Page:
Surveillance and wiretapping without a warrant, internet censorship, freezing of assets and control of data of users of social networks, including those from abroad. These are the prerogatives that the Chinese-imposed National Security Law gives to the Hong Kong Police, which were approved on Monday night at the first meeting of the Commission to implement it, led by the local government’s chief executive, Carrie Lam.

The former British colony, which was one of the freest cities in Asia, is losing its privileges under the authoritarian Communist Party regime 23 years after its return. Although Beijing pledged to maintain its autonomy and freedoms until 2047 under the One Country, Two Systems’ formula, it imposed this law last week to crush the violent protests that have been calling for democracy for a year.

With a very vague language that punishes practically everything and leaves the sentences to the interpretation of the judges, this legislation punishes subversion, secession, terrorism and foreign interference with between three years’ and life imprisonment. Such a draconian law, which did not pass through the autonomous Parliament and whose content was not known until it was enacted almost at midnight, has unleashed fear among activists and Democratic supporters.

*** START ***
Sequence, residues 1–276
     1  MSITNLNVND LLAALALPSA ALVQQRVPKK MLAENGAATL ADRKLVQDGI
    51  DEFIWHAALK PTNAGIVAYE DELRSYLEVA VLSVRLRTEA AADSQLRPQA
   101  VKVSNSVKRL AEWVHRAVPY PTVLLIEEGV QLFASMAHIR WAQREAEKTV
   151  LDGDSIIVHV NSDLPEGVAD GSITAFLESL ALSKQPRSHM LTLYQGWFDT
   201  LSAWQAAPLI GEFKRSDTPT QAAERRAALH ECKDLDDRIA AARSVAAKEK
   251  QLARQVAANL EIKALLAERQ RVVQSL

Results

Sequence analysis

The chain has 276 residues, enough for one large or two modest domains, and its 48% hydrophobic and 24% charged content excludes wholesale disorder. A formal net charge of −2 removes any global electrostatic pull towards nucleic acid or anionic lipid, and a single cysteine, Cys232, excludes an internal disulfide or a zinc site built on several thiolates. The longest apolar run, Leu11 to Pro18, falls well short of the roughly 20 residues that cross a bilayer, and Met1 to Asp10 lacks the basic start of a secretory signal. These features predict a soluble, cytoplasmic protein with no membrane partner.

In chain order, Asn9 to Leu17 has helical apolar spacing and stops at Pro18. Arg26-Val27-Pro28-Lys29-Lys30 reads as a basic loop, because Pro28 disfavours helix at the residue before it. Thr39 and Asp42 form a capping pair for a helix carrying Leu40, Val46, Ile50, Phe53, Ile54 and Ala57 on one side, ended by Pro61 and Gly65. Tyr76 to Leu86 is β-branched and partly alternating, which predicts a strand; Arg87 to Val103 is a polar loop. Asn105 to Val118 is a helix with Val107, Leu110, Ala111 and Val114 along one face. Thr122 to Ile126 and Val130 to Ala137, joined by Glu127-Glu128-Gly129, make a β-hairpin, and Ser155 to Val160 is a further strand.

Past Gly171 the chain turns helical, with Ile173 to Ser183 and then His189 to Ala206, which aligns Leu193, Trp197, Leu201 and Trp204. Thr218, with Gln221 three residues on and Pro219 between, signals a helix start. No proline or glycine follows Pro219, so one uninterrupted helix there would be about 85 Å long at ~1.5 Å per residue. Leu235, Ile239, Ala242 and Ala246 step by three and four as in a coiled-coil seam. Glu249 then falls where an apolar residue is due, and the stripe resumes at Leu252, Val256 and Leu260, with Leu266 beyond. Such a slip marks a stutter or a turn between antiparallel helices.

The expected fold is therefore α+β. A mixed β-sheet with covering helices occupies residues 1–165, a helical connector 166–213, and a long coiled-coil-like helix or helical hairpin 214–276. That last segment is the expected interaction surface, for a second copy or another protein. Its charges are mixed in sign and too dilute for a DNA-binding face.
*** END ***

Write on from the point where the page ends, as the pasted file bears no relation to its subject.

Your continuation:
Scared by its harshness, as it criminalizes even carrying a flag for independence, many Hong Kongers are erasing their political comments from social networks. Although the legislation has no retroactive effect, such views from the past can be used as an aggravating factor if someone is arrested in the future. In addition, fears are growing that the police may spy on telephone conversations and text messages, now that such practices are not required to be authorized by a court but by the head of the local government herself “in special circumstances” that are not specified. To avoid this, Hong Kongers are resorting to encrypted applications whose downloads have skyrocketed in recent days, such as Signal, or VPN connections to foreign Internet servers. For social networking, messaging and email applications, the new law also makes it mandatory to provide information required by the police.

Major platforms such as Facebook, Twitter, WhatsApp, Instagram and Google have put the request on hold while they further evaluate the regulations, including whether it violates freedom of expression and human rights. Meanwhile, the Telegram messaging service, widely used by protesters to organize their protests, has already said it will not provide information on its users to the authorities. But these technology companies are facing fines of HK$100,000 or two years in prison. They can even be banned as in mainland China, where they are censored.

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